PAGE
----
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Education briefing - The Schools White Paper – Key Points for Academy Trusts

  • United Kingdom
  • Education - Briefings


On 28 March 2022 the government published the long awaited Schools White Paper titled ‘Opportunity for all: Strong schools with great teachers for your child’. The White Paper comprises of four chapters, with the fourth concentrating on the aim of creating a stronger and fairer school system in England. The government aims to achieve such a system by moving to a “fully trust led system,” so that all schools will be within a strong multi academy trust (“MAT”) by 2030 or with plans to join or form one. Readers will remember that there have been previous government pledges to require all schools to academise by a set deadline. What this White Paper provides is an appraisal of current state of the system with, for the first time, some details around how the government sees its objectives being achieved.

A full analysis of the whole white paper is beyond the scope of this briefing but the key points on academisation can be summarised as follows:

Single academy trusts (“SAT”): will no longer be permitted, although in reality very few SATs have been allowed to come into being in recent years. That said, an allowance is going to be made for high quality 16 to 19 free schools to open, initially as SATs, in areas where they are most needed. How approval mechanisms will work where there is already successful 16 to 19 provision in an area is not specified.

MAT size: is not prescribed within the White Paper, although it does state that MATs typically “start to develop central capacity when they have more than ten schools.” The government is expecting that most MATs will serve a minimum of 7,500 students or run at least ten schools -so the objective is fewer, larger MATs. There is recognition that the government has not systematically supported the strongest performing MATs to grow, nor have they been adequately incentivised to work in areas of the country where they are needed most. Financial incentives and support are proposed. The additional funding is surely welcome. The mechanism by which the funds will be allocated is, however, not specified. Trusts considering operating outwith their locality for the first time will also need to be mindful of the additional challenges of operating over wide geographical areas, particularly if challenging schools are being taken on.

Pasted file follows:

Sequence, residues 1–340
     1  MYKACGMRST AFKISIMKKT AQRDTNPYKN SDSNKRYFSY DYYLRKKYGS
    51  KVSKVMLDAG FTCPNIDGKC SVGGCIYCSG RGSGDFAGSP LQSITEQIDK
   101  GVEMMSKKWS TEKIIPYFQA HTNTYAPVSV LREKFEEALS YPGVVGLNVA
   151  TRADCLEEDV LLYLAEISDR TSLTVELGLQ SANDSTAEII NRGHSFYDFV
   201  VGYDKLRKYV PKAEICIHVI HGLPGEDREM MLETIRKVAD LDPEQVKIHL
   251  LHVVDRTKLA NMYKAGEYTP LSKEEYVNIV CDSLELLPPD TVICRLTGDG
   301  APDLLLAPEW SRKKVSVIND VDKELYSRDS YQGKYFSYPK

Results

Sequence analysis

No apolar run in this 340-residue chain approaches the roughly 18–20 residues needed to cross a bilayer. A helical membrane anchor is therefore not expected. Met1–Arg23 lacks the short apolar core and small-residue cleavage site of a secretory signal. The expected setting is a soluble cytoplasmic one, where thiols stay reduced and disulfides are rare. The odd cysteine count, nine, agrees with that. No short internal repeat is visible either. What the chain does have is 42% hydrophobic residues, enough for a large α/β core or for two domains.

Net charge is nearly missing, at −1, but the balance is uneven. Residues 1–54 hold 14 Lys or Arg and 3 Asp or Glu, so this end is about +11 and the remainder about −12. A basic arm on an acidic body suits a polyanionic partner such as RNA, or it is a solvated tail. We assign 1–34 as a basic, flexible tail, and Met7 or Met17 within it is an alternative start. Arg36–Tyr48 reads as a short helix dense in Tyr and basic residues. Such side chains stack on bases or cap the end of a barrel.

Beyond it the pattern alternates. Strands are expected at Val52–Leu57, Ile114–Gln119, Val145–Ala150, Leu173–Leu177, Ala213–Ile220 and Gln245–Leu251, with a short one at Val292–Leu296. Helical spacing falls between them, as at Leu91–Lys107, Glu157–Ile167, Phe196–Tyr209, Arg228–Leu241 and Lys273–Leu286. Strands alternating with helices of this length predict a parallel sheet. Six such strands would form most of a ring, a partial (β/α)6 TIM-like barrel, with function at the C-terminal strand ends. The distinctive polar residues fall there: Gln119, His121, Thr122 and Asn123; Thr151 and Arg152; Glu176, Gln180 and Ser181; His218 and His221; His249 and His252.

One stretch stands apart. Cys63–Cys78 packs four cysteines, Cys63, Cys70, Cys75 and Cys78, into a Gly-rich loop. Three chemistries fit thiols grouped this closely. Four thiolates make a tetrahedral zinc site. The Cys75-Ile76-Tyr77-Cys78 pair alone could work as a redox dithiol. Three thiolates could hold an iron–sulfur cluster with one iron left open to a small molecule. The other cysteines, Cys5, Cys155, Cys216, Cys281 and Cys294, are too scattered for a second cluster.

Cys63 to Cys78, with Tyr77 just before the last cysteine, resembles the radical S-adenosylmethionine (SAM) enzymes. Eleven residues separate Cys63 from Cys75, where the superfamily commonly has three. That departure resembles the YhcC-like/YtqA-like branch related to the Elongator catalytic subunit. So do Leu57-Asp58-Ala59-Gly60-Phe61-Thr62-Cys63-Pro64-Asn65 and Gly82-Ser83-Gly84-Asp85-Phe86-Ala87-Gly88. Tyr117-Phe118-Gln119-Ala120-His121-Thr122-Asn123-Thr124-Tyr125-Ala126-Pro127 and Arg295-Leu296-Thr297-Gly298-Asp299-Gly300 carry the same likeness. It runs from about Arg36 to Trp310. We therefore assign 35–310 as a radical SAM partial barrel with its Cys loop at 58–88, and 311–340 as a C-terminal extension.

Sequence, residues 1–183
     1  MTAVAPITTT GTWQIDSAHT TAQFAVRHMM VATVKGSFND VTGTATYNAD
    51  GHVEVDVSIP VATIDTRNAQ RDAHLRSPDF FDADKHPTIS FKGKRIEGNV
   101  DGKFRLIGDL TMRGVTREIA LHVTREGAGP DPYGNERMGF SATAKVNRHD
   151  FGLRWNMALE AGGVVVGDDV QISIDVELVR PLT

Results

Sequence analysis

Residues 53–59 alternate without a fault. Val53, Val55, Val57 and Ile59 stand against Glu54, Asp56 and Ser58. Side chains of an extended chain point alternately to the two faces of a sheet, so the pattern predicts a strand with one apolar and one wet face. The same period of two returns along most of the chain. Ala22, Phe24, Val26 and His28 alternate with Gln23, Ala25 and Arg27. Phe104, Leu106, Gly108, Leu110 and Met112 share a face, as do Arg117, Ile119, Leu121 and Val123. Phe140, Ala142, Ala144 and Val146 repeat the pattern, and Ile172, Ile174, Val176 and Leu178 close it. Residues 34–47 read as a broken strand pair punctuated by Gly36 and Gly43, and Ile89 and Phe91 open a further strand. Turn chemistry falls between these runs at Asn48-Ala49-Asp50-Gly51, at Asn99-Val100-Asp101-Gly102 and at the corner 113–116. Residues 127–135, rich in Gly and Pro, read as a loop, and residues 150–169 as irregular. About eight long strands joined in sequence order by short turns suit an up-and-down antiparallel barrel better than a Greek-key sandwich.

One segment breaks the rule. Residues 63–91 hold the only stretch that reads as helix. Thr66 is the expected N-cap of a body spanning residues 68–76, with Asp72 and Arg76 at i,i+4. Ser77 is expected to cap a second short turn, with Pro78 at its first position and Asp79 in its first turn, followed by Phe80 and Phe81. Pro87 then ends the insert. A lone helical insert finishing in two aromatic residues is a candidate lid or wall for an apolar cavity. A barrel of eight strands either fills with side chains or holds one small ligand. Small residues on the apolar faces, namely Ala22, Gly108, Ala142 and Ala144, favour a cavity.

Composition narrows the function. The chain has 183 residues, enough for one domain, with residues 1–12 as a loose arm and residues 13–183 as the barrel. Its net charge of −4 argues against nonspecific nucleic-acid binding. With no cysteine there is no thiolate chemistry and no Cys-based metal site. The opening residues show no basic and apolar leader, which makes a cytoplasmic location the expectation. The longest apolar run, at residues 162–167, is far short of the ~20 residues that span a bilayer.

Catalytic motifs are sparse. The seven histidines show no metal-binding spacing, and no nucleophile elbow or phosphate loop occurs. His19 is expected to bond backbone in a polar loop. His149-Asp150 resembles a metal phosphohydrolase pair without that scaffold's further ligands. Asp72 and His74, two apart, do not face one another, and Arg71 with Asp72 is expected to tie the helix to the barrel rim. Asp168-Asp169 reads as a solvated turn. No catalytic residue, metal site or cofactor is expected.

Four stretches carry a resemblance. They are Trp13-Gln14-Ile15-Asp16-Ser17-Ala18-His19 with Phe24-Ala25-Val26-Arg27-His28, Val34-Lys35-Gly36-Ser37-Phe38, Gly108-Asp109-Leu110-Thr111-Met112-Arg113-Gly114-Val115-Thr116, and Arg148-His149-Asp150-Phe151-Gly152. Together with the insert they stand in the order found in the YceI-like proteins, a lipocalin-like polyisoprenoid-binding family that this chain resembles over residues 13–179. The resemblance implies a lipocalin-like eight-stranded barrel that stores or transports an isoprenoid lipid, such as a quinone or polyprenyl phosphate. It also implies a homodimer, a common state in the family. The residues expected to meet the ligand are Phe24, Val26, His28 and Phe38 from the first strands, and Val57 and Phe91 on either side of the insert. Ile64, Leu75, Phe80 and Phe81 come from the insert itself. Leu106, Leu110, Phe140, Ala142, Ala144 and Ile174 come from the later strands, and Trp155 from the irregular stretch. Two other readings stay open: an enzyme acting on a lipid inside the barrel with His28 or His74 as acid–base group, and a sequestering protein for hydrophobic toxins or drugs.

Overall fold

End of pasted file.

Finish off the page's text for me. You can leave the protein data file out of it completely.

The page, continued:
Two other points to note: firstly, the proportion of schools in a local area that can be run by an individual MAT will be limited - presumably to avoid monopolies developing. Secondly, the White Paper states that MATs should have local governance arrangements. Most MATs do generally already have such arrangements in place. Nevertheless, some clarity on what the government considers to be best practice would be helpful to trusts who have found challenges in making local governance effective. Recognising this point, there are to be consultations about the implementation of local governance arrangements with the sector.